"I think we have to recognize that Gov. Keating
is someone who has been in public office for some time. I think
he has become accustomed to using sound bites to some extent
rather effectively but in this case the work we are doing
and the issues are way too complicated for sound bites."
"There's substantial concern that this kind of
comment makes our work almost impossible," Chiles said.
But others came to Keating's defense. Los Angeles
Dist. Atty. Steve Cooley applauded Keating's criticism of the bishops.
"He apparently has been as frustrated as we have been in our
efforts to secure information in possession of the Archdiocese of
Los Angeles," Cooley said.
In St. Louis, David Clohessy, national director of
the Survivors Network of those Abused by Priests, said that, if
anything, Keating has been too restrained in describing the extent
of sexual abuse and the past cover-ups by bishops.
Mary Grant, western states director of the group,
urged Catholics to redirect the money they would have given the
Los Angeles church this week, giving it directly to charities as
a protest against Mahony's behavior.
Father Thomas Reese, editor of the Jesuit magazine
America and an authority on American bishops, said, "I personally
think that Keating needs to control his vocabulary." But he
also said the dispute proves they "did not appoint a bunch
of lap dogs."
Reese concluded, "He ought to apologize for using
the Mafia word and get back to work."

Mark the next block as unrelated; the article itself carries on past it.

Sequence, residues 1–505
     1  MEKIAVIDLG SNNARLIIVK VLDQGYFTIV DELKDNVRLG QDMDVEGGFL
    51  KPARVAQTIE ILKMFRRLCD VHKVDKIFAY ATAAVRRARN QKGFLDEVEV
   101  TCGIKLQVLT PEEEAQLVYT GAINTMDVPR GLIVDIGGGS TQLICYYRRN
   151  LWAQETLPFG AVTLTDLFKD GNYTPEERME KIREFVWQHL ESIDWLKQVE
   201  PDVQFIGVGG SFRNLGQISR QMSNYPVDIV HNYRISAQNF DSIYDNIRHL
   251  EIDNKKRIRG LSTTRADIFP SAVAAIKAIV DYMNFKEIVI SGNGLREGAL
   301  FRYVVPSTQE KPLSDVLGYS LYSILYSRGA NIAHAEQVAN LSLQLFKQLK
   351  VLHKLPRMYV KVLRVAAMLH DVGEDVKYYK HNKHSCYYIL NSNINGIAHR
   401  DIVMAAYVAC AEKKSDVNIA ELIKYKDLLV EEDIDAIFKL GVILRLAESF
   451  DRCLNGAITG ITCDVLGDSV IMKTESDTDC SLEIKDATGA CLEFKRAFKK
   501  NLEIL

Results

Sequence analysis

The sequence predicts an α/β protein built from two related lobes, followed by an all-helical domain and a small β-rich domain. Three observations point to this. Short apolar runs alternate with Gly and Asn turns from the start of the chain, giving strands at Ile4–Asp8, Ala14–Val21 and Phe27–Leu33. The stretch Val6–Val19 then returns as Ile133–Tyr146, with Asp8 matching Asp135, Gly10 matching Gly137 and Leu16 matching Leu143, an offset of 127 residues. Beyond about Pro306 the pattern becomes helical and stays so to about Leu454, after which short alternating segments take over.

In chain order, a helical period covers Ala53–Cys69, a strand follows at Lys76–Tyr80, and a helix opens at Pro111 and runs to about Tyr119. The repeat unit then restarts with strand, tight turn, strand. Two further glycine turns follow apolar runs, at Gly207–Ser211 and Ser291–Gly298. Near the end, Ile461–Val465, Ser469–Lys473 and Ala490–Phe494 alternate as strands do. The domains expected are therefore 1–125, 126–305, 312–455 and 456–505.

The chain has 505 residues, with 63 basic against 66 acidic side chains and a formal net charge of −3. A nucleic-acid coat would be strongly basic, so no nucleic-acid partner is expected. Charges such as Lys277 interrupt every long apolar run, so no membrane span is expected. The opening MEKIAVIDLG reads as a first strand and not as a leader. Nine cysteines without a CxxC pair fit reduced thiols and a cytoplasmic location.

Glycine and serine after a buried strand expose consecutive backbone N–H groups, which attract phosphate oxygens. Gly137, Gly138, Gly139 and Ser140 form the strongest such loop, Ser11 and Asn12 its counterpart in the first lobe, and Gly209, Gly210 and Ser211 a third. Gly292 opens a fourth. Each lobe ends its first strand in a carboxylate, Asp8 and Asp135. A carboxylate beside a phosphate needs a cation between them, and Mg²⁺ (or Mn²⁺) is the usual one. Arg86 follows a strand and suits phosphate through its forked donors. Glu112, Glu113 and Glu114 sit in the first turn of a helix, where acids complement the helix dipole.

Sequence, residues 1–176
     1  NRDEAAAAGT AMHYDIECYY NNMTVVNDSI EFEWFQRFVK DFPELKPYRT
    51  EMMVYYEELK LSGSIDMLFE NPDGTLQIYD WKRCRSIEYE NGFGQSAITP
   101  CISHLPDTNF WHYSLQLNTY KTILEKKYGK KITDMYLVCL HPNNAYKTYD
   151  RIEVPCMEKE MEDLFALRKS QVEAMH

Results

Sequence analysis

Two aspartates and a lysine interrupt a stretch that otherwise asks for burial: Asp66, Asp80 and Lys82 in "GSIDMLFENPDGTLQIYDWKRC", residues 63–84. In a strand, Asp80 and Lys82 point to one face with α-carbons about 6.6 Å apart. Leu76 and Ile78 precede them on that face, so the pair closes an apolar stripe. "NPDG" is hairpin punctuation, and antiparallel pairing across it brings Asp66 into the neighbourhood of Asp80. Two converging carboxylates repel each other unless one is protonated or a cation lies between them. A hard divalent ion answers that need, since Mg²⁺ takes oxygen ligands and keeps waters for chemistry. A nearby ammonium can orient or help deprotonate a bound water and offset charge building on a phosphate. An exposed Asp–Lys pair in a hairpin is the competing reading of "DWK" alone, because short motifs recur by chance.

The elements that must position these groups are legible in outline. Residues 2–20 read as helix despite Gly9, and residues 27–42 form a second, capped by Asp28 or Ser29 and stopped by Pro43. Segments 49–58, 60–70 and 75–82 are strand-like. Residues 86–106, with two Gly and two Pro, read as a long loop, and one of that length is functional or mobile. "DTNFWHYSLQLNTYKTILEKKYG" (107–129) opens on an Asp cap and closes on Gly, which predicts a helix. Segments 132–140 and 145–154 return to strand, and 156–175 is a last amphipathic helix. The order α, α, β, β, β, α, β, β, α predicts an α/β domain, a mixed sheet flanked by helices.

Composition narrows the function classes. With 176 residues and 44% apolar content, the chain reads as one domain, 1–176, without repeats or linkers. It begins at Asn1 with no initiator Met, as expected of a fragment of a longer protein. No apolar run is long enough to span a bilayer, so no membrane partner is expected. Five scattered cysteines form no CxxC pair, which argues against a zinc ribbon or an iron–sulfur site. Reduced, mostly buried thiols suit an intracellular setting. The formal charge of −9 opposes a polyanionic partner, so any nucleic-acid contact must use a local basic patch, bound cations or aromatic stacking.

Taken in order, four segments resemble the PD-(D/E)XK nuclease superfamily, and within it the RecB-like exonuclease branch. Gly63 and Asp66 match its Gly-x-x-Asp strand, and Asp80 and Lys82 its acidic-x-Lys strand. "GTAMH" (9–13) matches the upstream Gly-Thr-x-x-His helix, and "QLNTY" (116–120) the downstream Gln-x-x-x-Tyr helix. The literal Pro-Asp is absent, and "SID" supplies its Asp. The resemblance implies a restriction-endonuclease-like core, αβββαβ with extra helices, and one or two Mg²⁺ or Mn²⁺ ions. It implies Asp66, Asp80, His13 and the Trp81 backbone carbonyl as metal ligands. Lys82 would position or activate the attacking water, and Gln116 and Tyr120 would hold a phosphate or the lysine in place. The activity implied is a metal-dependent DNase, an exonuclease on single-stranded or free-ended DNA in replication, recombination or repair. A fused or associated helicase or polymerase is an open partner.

Mahony has taken a public stance as an outspoken reformer
who has sought to oust all sex offenders from the priesthood. As
head of the Los Angeles Archdiocese, he has been more aggressive
than many U.S. bishops in dismissing clergy members.
During the last decade, he quietly removed 17 priests
from ministry who had either admitted or had been credibly accused
of molesting minors.
But he has also been criticized by victims' advocates
and law enforcement officials for seeking to limit prosecutors'
access to church personnel records. And like many other bishops,
he has sought over the years to keep sexual abuse cases out of the
public eye, in some cases moving those accused of molestation from
one job to another and, during the 1990s, discouraging some alleged
victims from reporting their cases to police.
One item at the heart of the dispute between Mahony
and Keating is Mahony's refusal until this week to participate in
a national survey commissioned by the review board to determine
the number of priests accused or found guilty of sexual abuse in
the United States, going as far back as 1950.
The study was required by the charter approved by
bishops last year. So far, 134 of the nation's 195 Catholic dioceses
have responded to the survey, in whole or in part, according to
Leon A. Panetta, the former White House chief of staff who is a
member of the review board.
But California's diocesan bishops, including Mahony,
refused to participate until this week. They argued that the study's
methodology was so seriously flawed that it would not produce valid
or credible data. They also said that answering the survey's questions
would require them to violate California's privacy laws.
Mahony insisted he had not attempted to block the
study, but, instead, he had supported the most effective study possible.
The $250,000 study commissioned by the review board would not begin
to answer questions, Mahony said, estimating that a valid study
would cost from $4 million to $6 million.
The current study, being conducted by the John Jay
College of Criminal Justice in New York, is so flawed that it must
be followed by another, Mahony said.
He agreed this week to participate after his office
said researchers at John Jay had agreed to make some changes in
the study's protocol.
But "whatever they've done isn't going to overcome
what I consider an inadequate and totally incomplete instrument,"
"We are not going to get the comprehensive picture
that we need from this study," he added.
Times staff writer Julie Tamaki contributed to